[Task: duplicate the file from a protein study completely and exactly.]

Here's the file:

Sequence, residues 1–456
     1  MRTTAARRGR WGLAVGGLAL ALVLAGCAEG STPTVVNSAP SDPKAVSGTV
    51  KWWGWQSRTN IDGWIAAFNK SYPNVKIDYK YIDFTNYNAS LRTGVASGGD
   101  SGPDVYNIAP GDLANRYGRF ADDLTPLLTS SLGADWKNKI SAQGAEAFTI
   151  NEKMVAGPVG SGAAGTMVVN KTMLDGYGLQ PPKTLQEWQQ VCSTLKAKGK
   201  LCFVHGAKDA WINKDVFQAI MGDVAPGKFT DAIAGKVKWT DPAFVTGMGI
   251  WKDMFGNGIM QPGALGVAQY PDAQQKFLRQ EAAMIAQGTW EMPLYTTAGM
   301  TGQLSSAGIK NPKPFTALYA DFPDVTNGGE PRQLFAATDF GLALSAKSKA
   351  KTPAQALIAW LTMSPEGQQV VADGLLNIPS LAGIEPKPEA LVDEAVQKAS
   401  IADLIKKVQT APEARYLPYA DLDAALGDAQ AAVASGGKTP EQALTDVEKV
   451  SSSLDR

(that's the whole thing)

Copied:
Sequence, residues 1–456
     1  MRTTAARRGR WGLAVGGLAL ALVLAGCAEG STPTVVNSAP SDPKAVSGTV
    51  KWWGWQSRTN IDGWIAAFNK SYPNVKIDYK YIDFTNYNAS LRTGVASGGD
   101  SGPDVYNIAP GDLANRYGRF ADDLTPLLTS SLGADWKNKI SAQGAEAFTI
   151  NEKMVAGPVG SGAAGTMVVN KTMLDGYGLQ PPKTLQEWQQ VCSTLKAKGK
   201  LCFVHGAKDA WINKDVFQAI MGDVAPGKFT DAIAGKVKWT DPAFVTGMGI
   251  WKDMFGNGIM QPGALGVAQY PDAQQKFLRQ EAAMIAQGTW EMPLYTTAGM
   301  TGQLSSAGIK NPKPFTALYA DFPDVTNGGE PRQLFAATDF GLALSAKSKA
   351  KTPAQALIAW LTMSPEGQQV VADGLLNIPS LAGIEPKPEA LVDEAVQKAS
   401  IADLIKKVQT APEARYLPYA DLDAALGDAQ AAVASGGKTP EQALTDVEKV
   451  SSSLDR